Will Fosdick made his first apron on his kitchen table. A friend working as a tattoo artist knew Fosdick had a knack for design and asked if he’d be able to put something together. Mitch Kirilo, who owns Gastown Tattoo Parlour, liked Fosdick’s creation so much that he ordered a batch for the entire shop. Photos of those early aprons ended up on Instagram, and things, as they tend to do these days, took off from there.
A former B.C. dentist sued by a dozen patients has been fined and temporarily barred from practicing after an investigation by the College of Dental Surgeons of B.C. In a consent order agreement published Tuesday, Steven Krieger admitted to performing sub-standard fillings, crowns and a root canal. He also copped to charging patients for "complicated" extractions, when they only needed a simple removal.
A scientific paper linking an ingredient in vaccines to autism in mice has been discredited and a retraction is imminent, but Canadian researchers say the incident highlights a broader problem of flawed studies continuing to be available online. Last month, researchers from the University of British Columbia asked to retract their paper reporting aluminum-triggered immune responses "consistent with those in autism."
Muck Rack makes it simple to find people, tweets, or articles that mention any name, keyword, company, hashtag etc. We've compiled this guide to help you make the most of your search.
Selecting a term
Start searching tweets, articles from media outlets, articles mentioned in tweets, journalists'
names, titles and bios with some suggested searches:
Companies or Topics (e.g. iPhone, Microsoft)
Phrases (e.g. "cloud computing") — use quotes to keep the terms together
Twitter handles (e.g. @username) — returns those who have mentioned or replied to
Names (e.g. "David Pogue")
Hashtags (e.g. #sxsw, #london2012)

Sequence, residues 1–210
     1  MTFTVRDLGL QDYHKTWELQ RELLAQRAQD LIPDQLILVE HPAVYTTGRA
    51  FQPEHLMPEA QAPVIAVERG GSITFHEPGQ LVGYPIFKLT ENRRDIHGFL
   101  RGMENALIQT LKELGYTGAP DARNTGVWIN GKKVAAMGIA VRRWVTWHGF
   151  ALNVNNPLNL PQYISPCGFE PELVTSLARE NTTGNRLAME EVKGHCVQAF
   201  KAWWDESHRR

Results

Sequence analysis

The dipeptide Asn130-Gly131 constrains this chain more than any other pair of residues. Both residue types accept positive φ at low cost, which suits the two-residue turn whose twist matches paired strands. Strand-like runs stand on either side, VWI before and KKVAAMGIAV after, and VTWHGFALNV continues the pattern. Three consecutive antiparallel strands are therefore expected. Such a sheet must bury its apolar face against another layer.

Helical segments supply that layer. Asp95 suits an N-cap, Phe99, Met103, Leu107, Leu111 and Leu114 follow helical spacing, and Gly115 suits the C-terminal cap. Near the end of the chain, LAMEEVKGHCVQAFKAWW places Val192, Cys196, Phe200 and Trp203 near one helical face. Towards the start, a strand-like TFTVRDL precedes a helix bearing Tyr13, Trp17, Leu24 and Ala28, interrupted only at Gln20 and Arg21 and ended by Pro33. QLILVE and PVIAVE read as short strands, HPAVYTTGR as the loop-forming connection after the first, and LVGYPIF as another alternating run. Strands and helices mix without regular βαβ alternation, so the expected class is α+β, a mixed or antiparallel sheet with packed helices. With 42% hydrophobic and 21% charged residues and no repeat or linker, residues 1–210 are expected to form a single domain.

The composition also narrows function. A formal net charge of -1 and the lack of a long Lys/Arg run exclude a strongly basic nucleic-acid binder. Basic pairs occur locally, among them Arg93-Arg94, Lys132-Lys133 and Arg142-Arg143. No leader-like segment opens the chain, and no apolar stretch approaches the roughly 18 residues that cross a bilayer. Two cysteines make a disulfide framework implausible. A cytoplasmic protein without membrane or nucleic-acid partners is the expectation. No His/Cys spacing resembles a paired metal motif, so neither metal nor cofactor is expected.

Bio details (e.g. vegan, Olympics, father)
Muck Rack's Advanced Search allows for many boolean operators.
Find results that mention multiple specified terms, use AND or
+. For example, ensure each result contains both Elon Musk and Mark Zuckerberg by
searching Musk AND Zuckerberg or Musk + Zuckerberg.
Use the operators OR or , to broaden your search when you'd like either of
multiple terms to appear in results. (This is the default behavior of our search when no operators
are used). For example, results will contain either cake or cookie by searching cake OR cookie or cake,cookie
Use NOT or - to subtract results from your search. For
example, searching Disney will yield results about the Walt Disney Company as well as Walt Disney
World Resort. To exclude mentions of Disney World, search for Disney -World or Disney
When using one of these operators with a phrase, enclose it in quotation marks. For example, you can
find results about smartphones excluding Apple's iPhone 4S by searching smartphone -"iPhone
Exact case matching or punctuation
If you're searching for a brand name or keyword that relies on specific punctuation marks or capitalization, you can
find results that match your exact query by adding matchcase: before the keyword you're searching for, like matchcase:E*TRADE .
Use parentheses to separate multiple
boolean phrases. For example, to find journalists talking about having fun in Disney World or
Disneyland, search for ("disney world" OR disneyland) AND fun.
An asterisk can be used to search for any variation of a root word truncated by the asterisk. For example, searching for admin* will return results for administrator, administration, administer, administered, etc.
A near operator is an AND operator where you can control the distance between the words. You can vary the distance the near operation uses by adding a forward slash and number (between 0-99) such as strawberries NEAR/10 "whipped cream", which means the strawberries must exist within 10 words of "whipped cream".